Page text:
Measuring the Value of Recommendation Links on Product Demand

Forthcoming in Information Systems Research

48 Pages Posted: 2 Feb 2017 Last revised: 8 Nov 2018

See all articles by Anuj Kumar

Anuj Kumar

University of Florida - Warrington College of Business

Kartik Hosanagar

University of Pennsylvania - Operations & Information Management Department

Date Written: June 11, 2018

Abstract

Recommending substitute products on focal products’ pages on an e-commerce website can impact product sales in two ways. First, the visibility of a product as a recommendation on other products’ pages may increase its exposure and result in a greater number of its page views. Second, visibility of substitute products on the product’s page may cannibalize its own sales while resulting in greater exposure for the substitute products. The net impact of these opposing effects is unclear. We conduct a randomized experiment on a fashion apparel retailer’s website to answer the following questions: (1) What is the causal value of recommendation links from a product to its recommended products in terms of the additional sales for both the product and its recommended products, and (2) how does the value of a product’s recommendation links vary based on its network characteristics, such as its PageRank and the strength of its relationship with neighboring products. We find that due to recommendation, on average: (1) daily number of product page views increased by 7.5 percent and (2) conditional on a product’s page view, its sales decreased by 1.9 percent and the sales of its recommended substitutes increased by nine percent. On average, recommendation links of a product result in an 11 percent gain in total sales of the product and its recommended substitutes. However, these gains are not evenly distributed among all products. We find that while number of page views for a product are positively affected by the number and strength of its incoming links, its sales (its recommended products’ sales) conditional on its page view are negatively (positively) affected by the strength of its outgoing links. We conduct policy simulations to highlight how retailers and producers can apply this knowledge by engineering the recommendation network through sponsored links.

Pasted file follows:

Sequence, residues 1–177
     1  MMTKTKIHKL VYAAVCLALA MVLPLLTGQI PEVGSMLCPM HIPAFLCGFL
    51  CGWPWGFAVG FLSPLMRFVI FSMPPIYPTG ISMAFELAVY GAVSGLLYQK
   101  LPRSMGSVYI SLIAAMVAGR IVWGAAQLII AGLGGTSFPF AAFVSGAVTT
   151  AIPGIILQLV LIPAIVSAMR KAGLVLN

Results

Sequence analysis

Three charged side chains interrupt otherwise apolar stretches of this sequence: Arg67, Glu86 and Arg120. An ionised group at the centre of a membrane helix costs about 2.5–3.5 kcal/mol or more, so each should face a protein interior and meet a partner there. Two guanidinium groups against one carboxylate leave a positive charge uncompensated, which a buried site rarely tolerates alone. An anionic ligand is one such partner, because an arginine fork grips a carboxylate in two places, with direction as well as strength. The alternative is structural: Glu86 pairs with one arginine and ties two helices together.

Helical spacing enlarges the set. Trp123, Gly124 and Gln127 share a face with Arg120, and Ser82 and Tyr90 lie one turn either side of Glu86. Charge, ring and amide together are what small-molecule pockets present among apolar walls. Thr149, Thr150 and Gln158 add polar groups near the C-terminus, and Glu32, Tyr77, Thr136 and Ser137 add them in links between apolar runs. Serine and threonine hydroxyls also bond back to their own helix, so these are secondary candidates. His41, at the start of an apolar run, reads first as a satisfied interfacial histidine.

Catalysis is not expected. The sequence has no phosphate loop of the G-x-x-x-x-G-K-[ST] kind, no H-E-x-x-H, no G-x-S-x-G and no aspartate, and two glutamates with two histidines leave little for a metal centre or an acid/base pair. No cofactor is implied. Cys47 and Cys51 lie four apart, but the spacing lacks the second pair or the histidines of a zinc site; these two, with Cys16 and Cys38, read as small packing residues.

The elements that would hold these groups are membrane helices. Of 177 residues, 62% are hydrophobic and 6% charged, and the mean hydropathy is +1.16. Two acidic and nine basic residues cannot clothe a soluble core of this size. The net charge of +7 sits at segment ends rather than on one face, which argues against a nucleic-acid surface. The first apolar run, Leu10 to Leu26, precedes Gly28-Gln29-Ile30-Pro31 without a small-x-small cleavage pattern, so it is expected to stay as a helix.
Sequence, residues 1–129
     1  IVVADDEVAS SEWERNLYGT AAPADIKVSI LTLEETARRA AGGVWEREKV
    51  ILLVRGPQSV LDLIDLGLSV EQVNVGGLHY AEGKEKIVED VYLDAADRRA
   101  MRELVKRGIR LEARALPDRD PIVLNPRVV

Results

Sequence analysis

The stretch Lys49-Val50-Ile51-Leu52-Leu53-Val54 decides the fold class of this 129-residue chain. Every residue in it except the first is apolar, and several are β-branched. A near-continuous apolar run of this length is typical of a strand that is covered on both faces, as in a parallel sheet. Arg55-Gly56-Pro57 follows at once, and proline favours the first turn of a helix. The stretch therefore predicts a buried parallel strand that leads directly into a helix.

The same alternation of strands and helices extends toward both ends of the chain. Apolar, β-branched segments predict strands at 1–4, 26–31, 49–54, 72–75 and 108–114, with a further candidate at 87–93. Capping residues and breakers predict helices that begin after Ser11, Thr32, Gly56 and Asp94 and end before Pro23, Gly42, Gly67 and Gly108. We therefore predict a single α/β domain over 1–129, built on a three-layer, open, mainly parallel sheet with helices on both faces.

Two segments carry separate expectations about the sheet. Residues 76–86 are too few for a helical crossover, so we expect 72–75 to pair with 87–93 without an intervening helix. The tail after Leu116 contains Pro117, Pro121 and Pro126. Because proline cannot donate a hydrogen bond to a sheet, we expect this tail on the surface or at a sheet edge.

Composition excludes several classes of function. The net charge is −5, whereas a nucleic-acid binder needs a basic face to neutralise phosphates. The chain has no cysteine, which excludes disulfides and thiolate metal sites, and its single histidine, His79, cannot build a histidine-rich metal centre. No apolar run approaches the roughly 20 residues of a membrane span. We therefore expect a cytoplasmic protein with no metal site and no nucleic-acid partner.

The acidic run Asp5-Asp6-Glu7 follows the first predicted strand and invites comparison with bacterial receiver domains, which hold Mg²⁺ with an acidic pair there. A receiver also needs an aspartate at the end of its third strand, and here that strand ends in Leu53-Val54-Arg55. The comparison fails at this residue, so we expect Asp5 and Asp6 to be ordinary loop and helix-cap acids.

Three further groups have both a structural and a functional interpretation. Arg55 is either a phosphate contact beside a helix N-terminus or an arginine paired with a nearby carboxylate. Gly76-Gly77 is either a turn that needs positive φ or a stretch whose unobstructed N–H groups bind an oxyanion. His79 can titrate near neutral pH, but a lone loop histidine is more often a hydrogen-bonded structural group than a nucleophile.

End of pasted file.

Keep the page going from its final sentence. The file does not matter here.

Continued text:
Keywords: Product recommendation network, electronic commerce, randomized field experiment, sponsored product advertising, average treatment effect

Suggested Citation

Kumar, Anuj and Hosanagar, Kartik, Measuring the Value of Recommendation Links on Product Demand (June 11, 2018). Forthcoming in Information Systems Research. Available at SSRN: https://ssrn.com/abstract=2909971 or http://dx.doi.org/10.2139/ssrn.2909971

Anuj Kumar (Contact Author)

University of Florida - Warrington College of Business ( email )

337 STZ WARRINGTON COLLEGE OF BUSINESS
GAINESVILLE, FL 32611-0001
United States
3522730587 (Phone)

Kartik Hosanagar

University of Pennsylvania - Operations & Information Management Department ( email )

Philadelphia, PA 19104
United States

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